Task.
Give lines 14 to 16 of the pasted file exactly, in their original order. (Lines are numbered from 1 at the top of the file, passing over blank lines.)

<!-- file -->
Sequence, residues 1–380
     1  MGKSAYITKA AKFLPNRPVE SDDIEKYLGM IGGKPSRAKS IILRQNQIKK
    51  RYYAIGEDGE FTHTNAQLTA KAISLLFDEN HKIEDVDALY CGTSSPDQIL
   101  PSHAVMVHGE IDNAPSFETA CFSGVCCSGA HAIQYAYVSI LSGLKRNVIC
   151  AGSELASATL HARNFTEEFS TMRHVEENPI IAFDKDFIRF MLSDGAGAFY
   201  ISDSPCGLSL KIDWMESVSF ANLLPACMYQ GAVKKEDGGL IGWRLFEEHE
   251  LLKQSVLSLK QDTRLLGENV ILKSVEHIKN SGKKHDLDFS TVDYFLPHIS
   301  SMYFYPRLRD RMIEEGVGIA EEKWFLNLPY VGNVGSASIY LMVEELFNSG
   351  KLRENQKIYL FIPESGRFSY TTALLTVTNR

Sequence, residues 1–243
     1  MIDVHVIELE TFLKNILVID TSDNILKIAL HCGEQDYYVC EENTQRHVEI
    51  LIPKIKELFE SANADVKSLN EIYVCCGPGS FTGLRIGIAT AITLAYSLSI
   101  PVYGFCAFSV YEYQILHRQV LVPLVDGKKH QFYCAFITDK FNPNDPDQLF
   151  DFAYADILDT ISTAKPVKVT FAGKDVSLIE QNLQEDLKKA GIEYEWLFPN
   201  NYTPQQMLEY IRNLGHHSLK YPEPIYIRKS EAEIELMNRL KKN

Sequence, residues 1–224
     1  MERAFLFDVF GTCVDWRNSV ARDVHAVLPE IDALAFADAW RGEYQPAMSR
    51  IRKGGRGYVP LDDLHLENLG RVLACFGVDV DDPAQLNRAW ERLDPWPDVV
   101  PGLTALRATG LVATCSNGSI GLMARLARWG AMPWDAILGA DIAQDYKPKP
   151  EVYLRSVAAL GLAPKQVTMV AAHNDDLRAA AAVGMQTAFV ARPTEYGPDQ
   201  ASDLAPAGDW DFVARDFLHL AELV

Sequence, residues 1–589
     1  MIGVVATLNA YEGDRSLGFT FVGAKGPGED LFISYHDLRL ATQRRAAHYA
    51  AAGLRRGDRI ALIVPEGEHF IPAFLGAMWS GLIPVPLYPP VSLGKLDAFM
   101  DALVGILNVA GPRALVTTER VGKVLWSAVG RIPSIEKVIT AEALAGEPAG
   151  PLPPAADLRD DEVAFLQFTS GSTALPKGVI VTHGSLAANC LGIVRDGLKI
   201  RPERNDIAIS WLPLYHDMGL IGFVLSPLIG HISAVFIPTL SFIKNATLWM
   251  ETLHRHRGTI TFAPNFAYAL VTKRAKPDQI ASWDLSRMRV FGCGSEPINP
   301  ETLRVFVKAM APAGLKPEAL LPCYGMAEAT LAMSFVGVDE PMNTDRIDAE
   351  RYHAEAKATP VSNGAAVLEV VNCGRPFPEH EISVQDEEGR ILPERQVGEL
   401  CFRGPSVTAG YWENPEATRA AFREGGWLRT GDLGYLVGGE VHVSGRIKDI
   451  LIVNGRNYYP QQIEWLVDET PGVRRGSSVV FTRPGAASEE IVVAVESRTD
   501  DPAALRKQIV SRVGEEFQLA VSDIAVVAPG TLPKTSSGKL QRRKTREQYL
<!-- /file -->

   151  DFAYADILDT ISTAKPVKVT FAGKDVSLIE QNLQEDLKKA GIEYEWLFPN
   201  NYTPQQMLEY IRNLGHHSLK YPEPIYIRKS EAEIELMNRL KKN

Sequence, residues 1–224